Skip to main content

Pleasure review: An explicit and unflinching drama

Much like the ambitious protagonist at the center of its story, Pleasure isn’t afraid to get down and dirty. The new film from Swedish writer-director Ninja Thyberg is a deep dive into the world of the American porn industry that’s told through the eyes of Bella Cherry (Sofia Kappel), a Swedish girl who moves to Los Angeles with plans to become the next big porn star.

Bella doesn’t waste any time beginning that pursuit, and neither does Pleasure. After opening with a brief but explicit audio clip from an over-the-top sex scene, Pleasure follows Kappel’s Bella as she arrives in the U.S. fresh off her flight from Sweden. The film’s first images show Bella filling out paperwork and providing her fingerprints before being asked by an unseen customs agent if she’s come to the United States for business or pleasure. After pausing for a brief moment, Bella replies, “Pleasure.”

It’s an instance of meta-humor that kicks Pleasure off on a tongue-in-cheek note, but it’s not the moment in the film’s prologue that is the most indicative of what’s to come in Thyberg’s feature directorial debut. Instead, it’s the moments when Bella has to sign paperwork and mark her fingers with ink that feel the most in line with Thyberg’s intentions in Pleasure, a film that’s less about eliciting its titular feeling and more about exposing the mechanics of an industry that produces content designed to titillate and excite.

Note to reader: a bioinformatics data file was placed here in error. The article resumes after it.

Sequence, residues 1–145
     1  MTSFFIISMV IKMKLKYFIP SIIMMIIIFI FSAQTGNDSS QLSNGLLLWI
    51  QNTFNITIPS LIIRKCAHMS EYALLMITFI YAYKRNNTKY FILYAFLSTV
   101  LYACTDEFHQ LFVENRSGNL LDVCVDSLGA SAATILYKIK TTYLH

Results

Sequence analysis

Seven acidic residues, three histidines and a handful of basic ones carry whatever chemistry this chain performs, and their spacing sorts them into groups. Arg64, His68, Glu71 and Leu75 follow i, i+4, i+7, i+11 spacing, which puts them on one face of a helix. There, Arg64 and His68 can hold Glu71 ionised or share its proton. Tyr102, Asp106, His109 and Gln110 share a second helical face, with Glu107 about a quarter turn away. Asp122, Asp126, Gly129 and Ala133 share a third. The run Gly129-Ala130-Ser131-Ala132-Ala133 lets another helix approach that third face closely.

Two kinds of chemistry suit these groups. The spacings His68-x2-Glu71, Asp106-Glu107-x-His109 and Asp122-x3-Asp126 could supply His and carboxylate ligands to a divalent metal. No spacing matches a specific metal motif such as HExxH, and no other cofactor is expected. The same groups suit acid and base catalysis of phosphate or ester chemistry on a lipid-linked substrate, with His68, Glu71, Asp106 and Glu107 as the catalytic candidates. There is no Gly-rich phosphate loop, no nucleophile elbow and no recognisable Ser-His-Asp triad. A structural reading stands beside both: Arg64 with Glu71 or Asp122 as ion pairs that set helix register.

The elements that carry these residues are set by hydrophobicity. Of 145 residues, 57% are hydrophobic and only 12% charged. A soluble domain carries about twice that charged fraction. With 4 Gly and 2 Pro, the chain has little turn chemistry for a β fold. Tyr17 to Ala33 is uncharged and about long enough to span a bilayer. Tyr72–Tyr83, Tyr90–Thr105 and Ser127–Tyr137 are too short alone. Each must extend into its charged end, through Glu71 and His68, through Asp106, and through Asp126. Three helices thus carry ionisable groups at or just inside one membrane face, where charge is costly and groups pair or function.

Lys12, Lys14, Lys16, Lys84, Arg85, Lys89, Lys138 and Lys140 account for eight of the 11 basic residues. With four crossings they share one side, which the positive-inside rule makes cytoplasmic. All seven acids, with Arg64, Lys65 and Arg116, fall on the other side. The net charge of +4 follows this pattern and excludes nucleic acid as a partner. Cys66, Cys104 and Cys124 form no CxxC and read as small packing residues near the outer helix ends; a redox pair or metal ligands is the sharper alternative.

Business or pleasure?

Bella Cherry sits in front of a camera in Pleasure.
NEON, 2022

Despite the promise of the film’s title, Thyberg is not interested in creating the same feelings in Pleasure that its characters are. She makes that clear early on when Bella shows up at a vacated LA home to shoot her very first porn scene. Throughout the sequence, Thyberg systematically lays bare (no pun intended) all the awkward truths and tricks that are lingering beneath the surface of every porn scene.

The film, which is unrated in the United States, features numerous explicit images and sequences. That’s not surprising given the film’s subject matter, but it’s a testament to Thyberg’s control as a director that it never feels like she’s taking Pleasure‘s moments of nudity or sex too far. That achievement is partly the result of the film’s bright and glossy aesthetic, which imbues Pleasure with a sterility that stops it from ever feeling even remotely sensual. The film’s look just reinforces Thyberg’s desire to explore the business side of the porn industry rather than the sexual side of it.